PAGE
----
There are a few new SqlXml-related articles up on MSDN.

First we have Amar Nalla's XML to SQL: Using SQLXML Bulkload in the .NET Framework which gives great examples on constructing annotated schemas and using Bulkload within .Net.  Amar goes into great detail on how to feed Bulkload with a stream, a process that takes some work when going from .Net through managed interop to Bulkload.  If you're using Bulkload within .Net check it out, its a great article and well worth your time to read.

A little bit older is Michael Rys's article What's New in FOR XML in Microsoft SQL Server 2005 which discusses enhancements to the FOR XML extensions to T-SQL offered by SQL Server.  I've played with the new extensions a bit, not nearly as much as I should have, but am none the less very enthused about them.  I think the new PATH syntax will go a long way toward helping people construct complex shapes from there relational table quicker and easier than they could be for with EXPLICIT.

Of course, this brings up the question, if we have this great new PATH mode for making complex XML shapes, why do we need mapping?  Its a question I've been asked on more than a few occasions, so here are a few reasons why I still consider mapping a valuable investment:

Composability - Let's say you want to produce results that conform to the same XML schema from several queries.  If you're using FOR XML, each time you have a new query, you have to make sure the output matches your target schema.  However, with mapping, you define your output once, and can then query it in many ways, each time only re-writing the query.  You can also then allow others to give you queries to execute and you're still guaranteed the same output format - not possible with FOR XML. 

Updates - FOR XML is wonderful for producing XML from your relational data.  But what about if you want to update that same data?  Now you have to have a stored procedure to do the update and a FOR XML to retrieve the data, and you have to figure out how the data produced by the FOR XML statement maps back to the database.  With mapping, we provide both query and update technologies, so you only have to think about one thing - the XML.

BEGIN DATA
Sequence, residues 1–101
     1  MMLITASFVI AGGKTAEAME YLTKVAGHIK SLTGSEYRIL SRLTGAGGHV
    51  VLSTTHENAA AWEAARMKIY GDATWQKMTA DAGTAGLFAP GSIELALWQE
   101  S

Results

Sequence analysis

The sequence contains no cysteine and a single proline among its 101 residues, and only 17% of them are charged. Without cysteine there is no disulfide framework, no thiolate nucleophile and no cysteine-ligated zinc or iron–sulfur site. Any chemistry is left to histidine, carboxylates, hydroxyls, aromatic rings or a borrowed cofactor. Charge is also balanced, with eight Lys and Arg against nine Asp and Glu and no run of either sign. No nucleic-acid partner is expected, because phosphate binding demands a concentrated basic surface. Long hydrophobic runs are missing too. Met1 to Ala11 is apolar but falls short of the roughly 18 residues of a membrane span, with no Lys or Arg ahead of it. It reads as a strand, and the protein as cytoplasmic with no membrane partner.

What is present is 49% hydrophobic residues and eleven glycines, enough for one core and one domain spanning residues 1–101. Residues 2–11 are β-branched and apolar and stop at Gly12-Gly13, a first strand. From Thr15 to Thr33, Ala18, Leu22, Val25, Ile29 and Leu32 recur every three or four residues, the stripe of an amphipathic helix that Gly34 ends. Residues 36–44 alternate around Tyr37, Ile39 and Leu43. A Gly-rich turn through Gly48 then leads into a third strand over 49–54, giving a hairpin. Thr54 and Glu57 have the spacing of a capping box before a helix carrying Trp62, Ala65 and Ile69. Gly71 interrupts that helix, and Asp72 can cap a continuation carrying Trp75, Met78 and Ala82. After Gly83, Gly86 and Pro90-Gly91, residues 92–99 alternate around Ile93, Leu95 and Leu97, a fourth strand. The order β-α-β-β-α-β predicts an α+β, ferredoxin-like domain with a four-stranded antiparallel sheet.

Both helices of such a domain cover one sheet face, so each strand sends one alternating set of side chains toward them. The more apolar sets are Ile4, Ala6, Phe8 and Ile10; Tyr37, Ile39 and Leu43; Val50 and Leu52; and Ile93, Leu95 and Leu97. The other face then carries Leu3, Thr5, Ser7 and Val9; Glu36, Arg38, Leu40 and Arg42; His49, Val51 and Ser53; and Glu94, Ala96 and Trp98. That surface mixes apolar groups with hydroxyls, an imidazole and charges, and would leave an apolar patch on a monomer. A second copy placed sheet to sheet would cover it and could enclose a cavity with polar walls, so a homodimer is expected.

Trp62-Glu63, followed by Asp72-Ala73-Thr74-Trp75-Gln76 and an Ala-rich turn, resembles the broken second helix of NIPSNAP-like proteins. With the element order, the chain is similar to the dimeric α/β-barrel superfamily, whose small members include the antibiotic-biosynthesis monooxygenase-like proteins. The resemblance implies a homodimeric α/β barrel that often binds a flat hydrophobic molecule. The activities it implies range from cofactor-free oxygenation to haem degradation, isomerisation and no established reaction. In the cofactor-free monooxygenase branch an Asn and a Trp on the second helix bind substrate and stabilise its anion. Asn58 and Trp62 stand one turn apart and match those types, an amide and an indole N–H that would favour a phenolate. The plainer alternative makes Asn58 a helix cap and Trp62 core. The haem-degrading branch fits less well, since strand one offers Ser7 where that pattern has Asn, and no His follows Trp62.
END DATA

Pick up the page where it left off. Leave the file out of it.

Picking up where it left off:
Multiple Databases - This actually relates back to Composability.  You have a few different SQL databases, some 2000, some 2005, maybe with the same relational schemas, maybe not.  With mapping, you can establish a mapping to each database and then query them using the same XPath queries each time, and let us handle generating the query for that particular database.  If you're using FOR XML, you have to write a query for each of those databases and make sure they all resolve to the same schema.

This isn't to say I don't think FOR XML is useless or anything (though I'm obviously a bit biased toward mapping), quite the contrary.  You will get much more control of the queries you're doing by using it.  There is just simply more you can do by constructing the query yourself, things SQLXML does not support.  You can store those queries inside stored procedures within the database, making your DBA much happier I'm sure.  You can leverage your existing SQL knowledge without having to know about mapping and XPath as well.

So what am I saying here? Which one you use depends on what you consider most valuable.  Do you need every last bit of performance and do you need to fine tune every query? Go with FOR XML.  Can you give up some control of your queries in exchange for more composability or the ability to update? Mapping is the way to go.  You can even mix the two together, don't be afraid!  Query all you like with FOR XML, but when you get that 30 meg XML document, look to Bulkload to get it loaded into your database.  Its ok, all of the pieces will play very nicely together, I guarantee.